----------- ----------------------------------------------------------------
         55 Administrative
         17 Application
         50 Cluster
          2 Commit
         33 Concurrency
         24 Configuration
         95 Idle
         35 Network
        745 Other
          9 Queueing
          8 Scheduler
         31 System I/O
         48 User I/O
       1152

14 rows selected.

So there are 1152 events total in 11.2.0.3, keep that number in mind.

Wait events in 12.1.0.2

In my opinion 12.1 is a major step ahead, and I said it many times: I haven’t seen so many fundamental changes to the Oracle database for a long time. For various reasons though 12.1 hasn’t seen the traction in the field it probably deserved. Note how the diagnosability has been greatly enhanced:

SQL> select count(*), wait_class 
  2  from v$event_name 
  3  group by rollup(wait_class) 
  4  order by wait_class;

   COUNT(*) WAIT_CLASS
----------- ----------------------------------------------------------------
         57 Administrative
         17 Application
         64 Cluster
          4 Commit
         38 Concurrency
         26 Configuration
        121 Idle
         28 Network
       1186 Other
          9 Queueing
          9 Scheduler
         35 System I/O
         56 User I/O
       1650

14 rows selected.

A quick calculation reveals that 12.1 features 498 additional events, a lot more than 11.2.0.3. Not too bad in my opinion. Unfortunately most of these additional events ended up in the “Other” wait class. This is a real shame, and I have remarked this before when blogging about the new Data Guard Wait events: they probably should have ended up in the Network class instead. I am sure there are other examples like this.

Wait events in 12.2.0.1

Now what about 12.2? First let’s start with the list:

SQL> select count(*), wait_class
  2  from v$event_name
  3  group by rollup(wait_class)
  4  order by wait_class;

  COUNT(*) WAIT_CLASS
---------- ----------------------------------------------------------------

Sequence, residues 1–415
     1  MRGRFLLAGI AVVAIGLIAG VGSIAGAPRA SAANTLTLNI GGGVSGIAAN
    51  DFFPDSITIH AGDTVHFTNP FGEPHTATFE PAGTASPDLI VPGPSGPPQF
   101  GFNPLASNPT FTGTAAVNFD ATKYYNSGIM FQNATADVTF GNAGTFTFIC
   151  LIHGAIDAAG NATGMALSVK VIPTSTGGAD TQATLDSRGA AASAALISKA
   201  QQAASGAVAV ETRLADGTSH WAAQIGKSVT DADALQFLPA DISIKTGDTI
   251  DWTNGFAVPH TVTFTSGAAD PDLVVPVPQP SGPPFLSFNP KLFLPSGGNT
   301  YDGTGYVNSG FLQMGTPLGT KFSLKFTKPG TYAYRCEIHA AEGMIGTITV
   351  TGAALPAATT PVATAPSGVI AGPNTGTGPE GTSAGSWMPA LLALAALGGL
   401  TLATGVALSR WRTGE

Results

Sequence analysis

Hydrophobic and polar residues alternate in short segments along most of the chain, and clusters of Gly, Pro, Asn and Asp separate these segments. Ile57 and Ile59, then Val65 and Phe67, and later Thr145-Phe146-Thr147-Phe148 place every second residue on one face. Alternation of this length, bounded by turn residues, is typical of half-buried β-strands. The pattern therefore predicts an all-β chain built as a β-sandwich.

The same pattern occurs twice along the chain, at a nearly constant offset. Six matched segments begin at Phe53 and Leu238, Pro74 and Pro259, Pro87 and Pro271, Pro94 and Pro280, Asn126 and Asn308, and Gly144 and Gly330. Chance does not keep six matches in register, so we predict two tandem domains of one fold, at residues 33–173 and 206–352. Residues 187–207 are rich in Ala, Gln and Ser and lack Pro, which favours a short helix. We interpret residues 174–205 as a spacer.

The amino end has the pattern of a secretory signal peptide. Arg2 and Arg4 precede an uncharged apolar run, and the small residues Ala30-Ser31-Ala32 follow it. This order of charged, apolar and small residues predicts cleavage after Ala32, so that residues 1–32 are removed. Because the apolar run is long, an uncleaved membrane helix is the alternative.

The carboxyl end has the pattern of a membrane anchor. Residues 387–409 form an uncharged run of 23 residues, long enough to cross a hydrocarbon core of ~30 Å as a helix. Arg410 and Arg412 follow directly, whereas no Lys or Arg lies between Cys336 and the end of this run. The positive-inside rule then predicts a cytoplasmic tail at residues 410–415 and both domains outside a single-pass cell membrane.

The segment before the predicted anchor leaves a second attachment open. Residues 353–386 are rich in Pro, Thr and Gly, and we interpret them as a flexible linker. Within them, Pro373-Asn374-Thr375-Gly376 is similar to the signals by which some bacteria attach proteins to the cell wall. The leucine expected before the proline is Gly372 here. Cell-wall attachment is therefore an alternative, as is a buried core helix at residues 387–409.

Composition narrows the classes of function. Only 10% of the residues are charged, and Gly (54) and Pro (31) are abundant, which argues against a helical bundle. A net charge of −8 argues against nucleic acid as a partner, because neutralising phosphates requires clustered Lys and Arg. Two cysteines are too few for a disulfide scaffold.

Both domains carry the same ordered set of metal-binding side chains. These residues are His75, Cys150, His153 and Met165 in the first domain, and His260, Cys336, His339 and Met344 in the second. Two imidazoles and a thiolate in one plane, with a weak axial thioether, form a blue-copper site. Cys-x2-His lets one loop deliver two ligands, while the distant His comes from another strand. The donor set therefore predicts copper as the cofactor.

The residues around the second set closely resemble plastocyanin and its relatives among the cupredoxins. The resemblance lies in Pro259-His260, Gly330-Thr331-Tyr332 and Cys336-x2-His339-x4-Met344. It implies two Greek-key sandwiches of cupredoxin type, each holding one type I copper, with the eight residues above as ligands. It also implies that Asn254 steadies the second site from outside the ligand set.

57 Administrative
        17 Application
        68 Cluster
         4 Commit
        49 Concurrency
        27 Configuration
       135 Idle
        29 Network
      1314 Other
         9 Queueing
        10 Scheduler
        35 System I/O
        57 User I/O
      1811

14 rows selected.

There are indeed some new events, most of them can be found in the Other wait class. Again, this is quite unfortunate as it prevents the performance architect from identifying unknown wait events quickly.

I have decided to keep this post short-ish and will spend more time some other day to investigate the exact difference between 12.1.0.2 and 12.2.0.1. Most likely after E4 this year.

Session Counters

With the wait interface covered, it’s time to move on to the session counters. Continuing the approach I took with wait events I will group all session counters by class. Instead of re-inventing the wheel I am using a slightly adapted version of Tanel Poder’s “mys.sql” script to group counters by class. Most of them fall in just one, but there are others where more than one class is applicable. The 12.2 Reference Guide explains v$statname.class in more detail.

Session counters in 11.2.0.3

Before investigating 12.1 and 12.2 I’ll look at 11.2.0.3 first, as in the first section of the article. The SQL statement I used is this:

with classification as (
select name, TRIM(
  CASE WHEN BITAND(class,  1) =   1 THEN 'USER  ' END ||